In this video tutorial the instructor demonstrates resonant frequency. In this video the instructor shows the sound of resonance and how to generate it. Resonance is a forced vibration of energy into molecules of an object that makes those molecules vibrate at their resonant frequency. When these molecules vibrate naturally they produce a kind of noise that can be annoying some times. In this video the author makes a small object using a rubber band and a net that produces vibrations when rot...
Watch this science video tutorial from Nurd Rage on how to make a test tube thunderstorm. They show you how to make the thunderstorm in a test tube using alcohol, sulfuric acid and potassium permanganate.
This is a video tutorial in the Education category where you are going to learn how to balance a chemical equation step-by-step. The left side of the equation is called the reactants and the right side is the new products. What will be new products when silver nitrate reacts with ferric chloride? The left side will be written as Ag NO3 + Fe Cl. The valence of Ag is +1, NO3 is -1, Fe is +3 and Cl is -1. On the right side the silver cannot go with iron because both are positive. So, it will be ...
This is a great science project! For this, you will be able to make an air battery using zinc. You will also need a paper towel, some steel wool, and an electrolyte solution. An air battery can keep for decades as long as it's dry.
This is a video tutorial in the Education category where you are going to learn how to understand polyatomic chemical formulas. When writing the formula using polyatomics, the same cross-over rule applies. 1st identify the metal and non-metal. Then you write the symbols, write the charges, cross-over the charges from top to bottom, remove the charge and simplify the numbers and remove the 1s. for example, iron (II) phospahate. The "ate" ending implies that phosphate is polyatomic. The symbol ...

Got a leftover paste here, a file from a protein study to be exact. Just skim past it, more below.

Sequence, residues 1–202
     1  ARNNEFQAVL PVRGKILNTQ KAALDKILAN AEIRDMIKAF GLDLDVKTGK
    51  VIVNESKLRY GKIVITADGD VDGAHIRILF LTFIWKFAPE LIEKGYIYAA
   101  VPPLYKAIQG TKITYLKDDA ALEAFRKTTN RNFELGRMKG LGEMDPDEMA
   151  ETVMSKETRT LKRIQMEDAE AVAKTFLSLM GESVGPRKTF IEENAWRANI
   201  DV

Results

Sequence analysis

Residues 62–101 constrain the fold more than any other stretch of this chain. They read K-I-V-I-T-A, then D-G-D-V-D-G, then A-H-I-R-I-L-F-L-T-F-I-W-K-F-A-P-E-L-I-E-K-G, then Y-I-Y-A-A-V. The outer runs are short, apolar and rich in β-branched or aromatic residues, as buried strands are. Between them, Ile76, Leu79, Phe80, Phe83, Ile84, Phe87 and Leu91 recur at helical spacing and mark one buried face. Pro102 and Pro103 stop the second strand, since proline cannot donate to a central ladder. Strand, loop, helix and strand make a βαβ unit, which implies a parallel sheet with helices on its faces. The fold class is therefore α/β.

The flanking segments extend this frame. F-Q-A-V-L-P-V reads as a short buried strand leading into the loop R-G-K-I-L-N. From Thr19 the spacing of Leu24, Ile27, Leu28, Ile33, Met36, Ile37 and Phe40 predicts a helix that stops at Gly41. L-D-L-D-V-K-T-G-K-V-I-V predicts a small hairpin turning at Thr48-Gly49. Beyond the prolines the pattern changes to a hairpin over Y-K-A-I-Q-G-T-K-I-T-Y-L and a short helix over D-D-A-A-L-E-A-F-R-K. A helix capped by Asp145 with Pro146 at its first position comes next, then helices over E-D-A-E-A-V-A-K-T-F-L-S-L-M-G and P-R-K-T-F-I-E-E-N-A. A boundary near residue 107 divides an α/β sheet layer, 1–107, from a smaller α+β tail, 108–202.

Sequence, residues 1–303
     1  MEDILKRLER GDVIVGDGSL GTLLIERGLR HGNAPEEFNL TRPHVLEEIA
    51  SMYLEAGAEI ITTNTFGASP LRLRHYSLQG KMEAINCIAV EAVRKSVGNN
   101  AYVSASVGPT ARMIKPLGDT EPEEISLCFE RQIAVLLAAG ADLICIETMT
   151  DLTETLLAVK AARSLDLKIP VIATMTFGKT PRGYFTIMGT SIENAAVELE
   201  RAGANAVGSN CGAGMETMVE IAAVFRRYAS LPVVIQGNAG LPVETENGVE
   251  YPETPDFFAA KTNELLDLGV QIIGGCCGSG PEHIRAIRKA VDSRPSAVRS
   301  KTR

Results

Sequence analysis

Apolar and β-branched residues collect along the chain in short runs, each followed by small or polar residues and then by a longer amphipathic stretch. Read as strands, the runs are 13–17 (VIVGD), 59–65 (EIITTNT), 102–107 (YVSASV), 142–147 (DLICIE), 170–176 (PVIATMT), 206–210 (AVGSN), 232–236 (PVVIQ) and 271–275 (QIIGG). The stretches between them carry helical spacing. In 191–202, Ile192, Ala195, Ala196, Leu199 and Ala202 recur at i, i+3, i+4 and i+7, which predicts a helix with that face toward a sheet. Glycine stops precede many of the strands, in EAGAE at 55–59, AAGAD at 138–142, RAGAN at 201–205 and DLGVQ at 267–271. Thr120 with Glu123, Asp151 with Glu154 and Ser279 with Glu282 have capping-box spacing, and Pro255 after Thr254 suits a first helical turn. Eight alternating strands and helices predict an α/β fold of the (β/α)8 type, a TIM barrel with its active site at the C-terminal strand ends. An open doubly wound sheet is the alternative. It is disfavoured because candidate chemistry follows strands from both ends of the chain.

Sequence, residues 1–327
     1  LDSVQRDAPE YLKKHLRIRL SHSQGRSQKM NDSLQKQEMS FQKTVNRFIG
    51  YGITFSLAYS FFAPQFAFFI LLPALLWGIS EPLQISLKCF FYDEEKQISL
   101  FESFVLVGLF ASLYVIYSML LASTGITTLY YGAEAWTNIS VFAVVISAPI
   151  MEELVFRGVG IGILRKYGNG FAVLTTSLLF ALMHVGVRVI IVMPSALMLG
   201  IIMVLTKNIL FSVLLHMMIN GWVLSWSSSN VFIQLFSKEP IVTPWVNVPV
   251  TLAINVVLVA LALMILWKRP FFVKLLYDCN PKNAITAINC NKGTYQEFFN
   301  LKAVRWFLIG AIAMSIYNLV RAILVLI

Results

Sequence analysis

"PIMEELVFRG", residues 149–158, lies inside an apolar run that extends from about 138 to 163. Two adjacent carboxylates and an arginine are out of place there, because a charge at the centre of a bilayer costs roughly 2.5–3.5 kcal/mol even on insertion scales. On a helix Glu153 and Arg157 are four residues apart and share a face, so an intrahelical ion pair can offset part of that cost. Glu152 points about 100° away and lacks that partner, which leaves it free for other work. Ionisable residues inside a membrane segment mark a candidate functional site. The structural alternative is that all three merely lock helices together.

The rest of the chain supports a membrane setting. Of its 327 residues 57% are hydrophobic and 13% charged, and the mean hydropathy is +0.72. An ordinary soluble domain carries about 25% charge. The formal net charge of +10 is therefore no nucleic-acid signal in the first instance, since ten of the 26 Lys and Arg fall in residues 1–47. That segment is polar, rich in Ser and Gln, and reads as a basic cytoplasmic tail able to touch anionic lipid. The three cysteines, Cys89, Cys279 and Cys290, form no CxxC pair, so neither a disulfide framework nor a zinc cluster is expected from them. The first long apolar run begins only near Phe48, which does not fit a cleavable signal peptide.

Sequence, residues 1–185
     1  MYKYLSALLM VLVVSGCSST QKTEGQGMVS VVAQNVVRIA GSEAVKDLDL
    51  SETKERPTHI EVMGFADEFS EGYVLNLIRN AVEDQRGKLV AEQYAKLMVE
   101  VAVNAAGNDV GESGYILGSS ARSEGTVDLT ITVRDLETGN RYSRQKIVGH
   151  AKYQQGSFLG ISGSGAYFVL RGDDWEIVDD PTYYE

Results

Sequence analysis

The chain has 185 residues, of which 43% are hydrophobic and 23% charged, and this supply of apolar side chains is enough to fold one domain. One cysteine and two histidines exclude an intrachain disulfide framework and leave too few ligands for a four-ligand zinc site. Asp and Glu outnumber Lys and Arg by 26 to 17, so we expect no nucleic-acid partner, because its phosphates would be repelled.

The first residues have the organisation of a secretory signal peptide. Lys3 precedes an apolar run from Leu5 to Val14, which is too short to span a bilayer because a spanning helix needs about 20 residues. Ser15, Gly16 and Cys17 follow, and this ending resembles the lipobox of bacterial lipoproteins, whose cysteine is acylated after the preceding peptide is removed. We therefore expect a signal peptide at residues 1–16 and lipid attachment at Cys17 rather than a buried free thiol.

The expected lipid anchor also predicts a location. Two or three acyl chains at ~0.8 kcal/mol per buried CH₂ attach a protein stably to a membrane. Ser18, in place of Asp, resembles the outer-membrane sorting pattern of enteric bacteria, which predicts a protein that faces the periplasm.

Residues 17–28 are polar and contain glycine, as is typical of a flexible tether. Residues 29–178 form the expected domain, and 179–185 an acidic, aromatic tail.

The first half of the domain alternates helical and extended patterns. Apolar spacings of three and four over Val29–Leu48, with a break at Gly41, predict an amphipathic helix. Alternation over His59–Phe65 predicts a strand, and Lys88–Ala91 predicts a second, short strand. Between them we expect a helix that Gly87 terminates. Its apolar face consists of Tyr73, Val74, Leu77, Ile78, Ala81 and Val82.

This is how to make super cool water--My freezer was set to -2 degrees Fahrenheit and I used Dasani water.
In our personal experience, the hardest part about a science investigatory project is simply coming up with a good idea. And we suggest that for your investigatory project you find a topic that's both novel and useful.
In this tutorial, we learn how to make hydrochloric acid from salt. First, you will pour some salt into a distil flask. After this, you will add in some concentrated sulfuric acid to the salt. Next, you will let these react with each other. You will start to see gasses bubble up and the excess hydrogen chloride gas come out through the top of the tube. To create a stronger reaction, you can add heat underneath the reaction. Then, test this by exposing it to ammonium chloride. If it's the righ...
A Peltier module allows you to turn heat into electricity. Because you can place it in areas that are normally warm anyway, the electricity created is "free" in a sense, though it does work best when one side of the module is cold and the other is hot. In other words, all you'll need for this project is the Peltier module and a cooler surface such as soil or water, and a warm area such as a well lit window or warm pan.
Interesting reaction coke and milk The reaction of phosphoric acid (V) to proteins in the milk - they are cut and causes a precipitate
Glowing substances have always held a powerful appeal to people, and making new ones can be a lucrative business. If you need some glow powder for a project of yours, watch this video to learn how to make DIY glow-in-the-dark powder out of normal household chemicals.
C For Chemistry delves into the chemistry of science experiments. This chemist knows what he's talking about. These chemistry experiments are not only fun, but very educational for all of those interested in scientific chemical reactions and properties.
Arvind Gupta is an Indian educator and inventor who makes whimsical, elegant toys from simple and inexpensive materials. His site has hundreds of free project tutorials, with simply outlined instructions in the categories of science, math, astronomy and more. Below, peruse the video gallery and images for a selection of Gupta's inspiring work.